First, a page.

What makes the kanger so indispensable is Kashmir’s poor infrastructure and rising costs of heating. The kanger is not only affordable to most Kashmiris, it is filled with embers, the most reliable source of warmth during the region’s infamously frequent power outages.
The coal-filled pot comes with wicker-covered handles arching over the pot and is carried close to the body inside pherans, traditional long woollen cloaks, or underneath blankets. The portable heater also has a flip side to it as its careless use often leads to burnt clothes and carpets.
Yet, the compulsion of affordable warmth in the harsh winter also has a serious drawback: the sudden appearance of dark patches called naare teit in Kashur — in other words: ‘kangri cancer’.
A rare cancer
Kangri cancer was first documented by William Elmslie, a British researcher in 1866 who found thirty cases of skin epithelioma and suggested its relationship with the use of kanger. Later, another British researcher, Theodore Maxwell, confirmed these findings in 1879.
The cancer is a rare type of squamous-cell carcinoma — a common form of skin cancer that develops in the squamous cells that make up the middle and outer layers of the skin — is found in Kashmir as a result of keeping the kanger closer to the skin for prolonged periods of time.
Over the years, when Nazir Ahmad Khan, a Professor at the Radiation Oncology department at Sher-i-Kashmir Institute of Medical Sciences, a leading hospital and medical college in Kashmir, witnessed patients with dark patches around their thighs and anterior abdominal wall, he knew that he is diagnosing an early stage kangri cancer.
A recent study published in the Indian Journal of Medical and Pediatric Oncology, “Changing pattern of common cancers in the last five years in Kashmir, India: A retrospective observational study,” conducted by a group of doctors including Khan suggests that kangri cancer has shown a decline amongst females and continues to be amongst the top ten cancers in males, accounting for 1.83 per cent of all male cancers in Kashmir.
“During 1980s, the number of kangri cancer cases in Kashmir was more than 100; in the 1990s, it declined to 50-100. In the 2000s, it was between 30-60,” said Khan. “Presently we get around 40-45 cases.”
Khan analyzed that this cancer is not caused due to the use of kanger but because of its temperature. “High temperature often results in thermal injury,” he said, referring to the habit of keeping kanger in direct contact with skin, leading to the formation of erythema ab igne – red patches that later turn black – a major indication of thermal injury.
For many years, erythema ab igne or these cutaneous rashes can seem harmless to a patient until one day, they start itching, usually as a result of ulcer formation. “These ulcers then turn into malignancy commonly called cancer,” said Khan.
As per the study, among all sedentary habits, using hookah, a tobacco pipe with a long, flexible tube that draws the smoke through water contained in a bowl, and the use of kanger are considered to be the major risk factors for the digestive tract, lung, and skin cancers in this region.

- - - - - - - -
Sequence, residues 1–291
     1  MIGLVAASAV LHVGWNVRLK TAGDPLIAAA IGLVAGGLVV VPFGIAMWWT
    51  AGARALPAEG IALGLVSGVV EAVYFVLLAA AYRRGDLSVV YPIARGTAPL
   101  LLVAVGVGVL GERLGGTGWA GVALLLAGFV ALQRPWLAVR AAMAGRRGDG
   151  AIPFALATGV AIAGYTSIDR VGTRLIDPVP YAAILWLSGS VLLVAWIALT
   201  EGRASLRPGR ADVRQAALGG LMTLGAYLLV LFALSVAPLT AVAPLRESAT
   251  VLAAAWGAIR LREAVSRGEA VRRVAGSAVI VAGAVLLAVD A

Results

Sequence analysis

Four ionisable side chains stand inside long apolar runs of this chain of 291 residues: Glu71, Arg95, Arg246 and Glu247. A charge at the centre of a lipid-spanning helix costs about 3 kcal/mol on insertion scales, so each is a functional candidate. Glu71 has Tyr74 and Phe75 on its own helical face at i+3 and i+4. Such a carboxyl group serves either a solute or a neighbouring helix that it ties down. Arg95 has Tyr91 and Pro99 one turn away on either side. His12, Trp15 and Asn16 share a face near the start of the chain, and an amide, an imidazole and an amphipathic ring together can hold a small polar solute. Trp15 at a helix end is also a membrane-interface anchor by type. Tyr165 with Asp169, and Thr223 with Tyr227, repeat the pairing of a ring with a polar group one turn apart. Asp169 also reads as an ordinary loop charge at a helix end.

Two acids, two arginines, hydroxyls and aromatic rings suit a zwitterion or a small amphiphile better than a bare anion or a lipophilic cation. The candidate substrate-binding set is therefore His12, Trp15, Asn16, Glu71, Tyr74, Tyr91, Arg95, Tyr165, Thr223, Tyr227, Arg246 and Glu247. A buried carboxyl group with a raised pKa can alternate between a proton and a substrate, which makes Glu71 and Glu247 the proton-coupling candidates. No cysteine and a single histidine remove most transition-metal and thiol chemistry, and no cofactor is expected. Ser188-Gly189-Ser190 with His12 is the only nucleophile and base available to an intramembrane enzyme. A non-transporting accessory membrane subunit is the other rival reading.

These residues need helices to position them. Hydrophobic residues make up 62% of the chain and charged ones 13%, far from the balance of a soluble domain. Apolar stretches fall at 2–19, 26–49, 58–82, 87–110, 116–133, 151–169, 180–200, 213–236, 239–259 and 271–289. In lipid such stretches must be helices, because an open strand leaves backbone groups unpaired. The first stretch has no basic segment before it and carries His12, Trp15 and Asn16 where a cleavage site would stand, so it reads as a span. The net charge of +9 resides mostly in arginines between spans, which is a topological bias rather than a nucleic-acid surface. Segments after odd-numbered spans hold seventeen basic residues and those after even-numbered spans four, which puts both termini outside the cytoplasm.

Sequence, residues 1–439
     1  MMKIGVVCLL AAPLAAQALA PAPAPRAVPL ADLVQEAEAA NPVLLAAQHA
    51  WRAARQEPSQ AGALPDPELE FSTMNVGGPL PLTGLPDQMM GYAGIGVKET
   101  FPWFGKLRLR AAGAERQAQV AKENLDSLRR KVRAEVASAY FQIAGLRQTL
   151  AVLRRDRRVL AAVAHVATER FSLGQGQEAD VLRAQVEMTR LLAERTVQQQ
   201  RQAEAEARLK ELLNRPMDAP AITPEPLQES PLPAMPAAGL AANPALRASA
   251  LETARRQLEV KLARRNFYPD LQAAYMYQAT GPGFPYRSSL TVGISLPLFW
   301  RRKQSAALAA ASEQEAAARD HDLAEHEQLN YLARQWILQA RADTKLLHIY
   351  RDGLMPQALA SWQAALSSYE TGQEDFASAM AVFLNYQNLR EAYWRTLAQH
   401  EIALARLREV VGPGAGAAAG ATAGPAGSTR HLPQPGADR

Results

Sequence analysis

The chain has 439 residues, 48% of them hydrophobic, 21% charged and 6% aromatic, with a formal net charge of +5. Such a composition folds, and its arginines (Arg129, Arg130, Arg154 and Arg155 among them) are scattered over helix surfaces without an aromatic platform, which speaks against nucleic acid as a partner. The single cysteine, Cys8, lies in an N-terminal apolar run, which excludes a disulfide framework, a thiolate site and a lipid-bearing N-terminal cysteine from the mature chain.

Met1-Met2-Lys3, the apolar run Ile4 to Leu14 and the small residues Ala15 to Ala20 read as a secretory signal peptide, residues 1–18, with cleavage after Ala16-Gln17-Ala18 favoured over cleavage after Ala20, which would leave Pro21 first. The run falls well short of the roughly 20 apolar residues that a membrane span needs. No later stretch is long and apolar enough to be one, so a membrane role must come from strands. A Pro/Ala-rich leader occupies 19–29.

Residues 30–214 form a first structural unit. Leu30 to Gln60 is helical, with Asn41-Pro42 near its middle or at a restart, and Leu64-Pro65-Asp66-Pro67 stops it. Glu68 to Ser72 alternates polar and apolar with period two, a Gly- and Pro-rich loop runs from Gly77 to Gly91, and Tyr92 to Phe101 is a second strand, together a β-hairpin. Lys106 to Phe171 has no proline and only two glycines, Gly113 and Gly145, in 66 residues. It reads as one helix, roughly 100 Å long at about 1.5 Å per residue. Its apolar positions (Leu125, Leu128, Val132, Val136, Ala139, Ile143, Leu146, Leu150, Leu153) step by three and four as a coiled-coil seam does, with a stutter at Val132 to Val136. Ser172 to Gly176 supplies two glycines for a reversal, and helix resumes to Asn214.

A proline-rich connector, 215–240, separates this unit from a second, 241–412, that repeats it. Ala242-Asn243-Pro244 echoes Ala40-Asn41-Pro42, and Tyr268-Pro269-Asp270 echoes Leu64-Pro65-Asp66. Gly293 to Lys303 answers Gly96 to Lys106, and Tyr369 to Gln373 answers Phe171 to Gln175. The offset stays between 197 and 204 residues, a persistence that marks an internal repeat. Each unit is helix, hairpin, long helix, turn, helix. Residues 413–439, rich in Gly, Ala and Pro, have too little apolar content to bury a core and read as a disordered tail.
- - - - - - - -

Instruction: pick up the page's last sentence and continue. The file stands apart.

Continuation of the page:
“The kangri cancer is usually removed through surgery and followed up by radiation therapies. However, if it spreads, then this cancer can form nodes in the femoral or the thigh area of the patient that do not respond to the treatments if not taken care of at an early stage,” said Khan.
As kangri cancer continues to grow, the ulcers can fungate and later on become foul-smelling. Khan further informs that, “The life of the patient becomes miserable after this,” adding that cancer can spread to other parts of the body as well.
Cancer or warmth?
Even as the use of the kanger has declined over the years, particularly in Kashmir’s urban centers, it remains for many Kashmiris a matter of compulsion. The frequent and prolonged power cuts render electrical heating appliances unreliable if not unaffordable.
The compulsion is stronger in rural areas, where not only a deep cultural affinity is there for the use of kanger but also necessitated by electricity outages that sometimes last days amid sub-zero temperatures.
“We receive most of the cases from these [far-flung] areas because kanger is used for around six months starting from October to April due to extreme cold and almost no power supply,” said Khan.
Due to the lack of awareness and alternatives, people still continue using kanger excessively leading to the formation of ulcers, eventually resulting in cancer.
For those with no alternatives, Khan suggests using a kanger wearing a thick layer of clothes, keeping it slightly away from the skin and keeping its temperature low. “The recovery rate of kangri cancer is high but it falls if the stage advances, and prevention is always better, especially when there is no cure.” he concludes.
Disclaimer: Medical Science is an ever evolving field. We strive to keep this page updated. In case you notice any discrepancy in the content, please inform us at [email protected]. You can futher read our Correction Policy here. Never disregard professional medical advice or delay seeking medical treatment because of something you have read on or accessed through this website or it's social media channels. Read our Full Disclaimer Here for further information.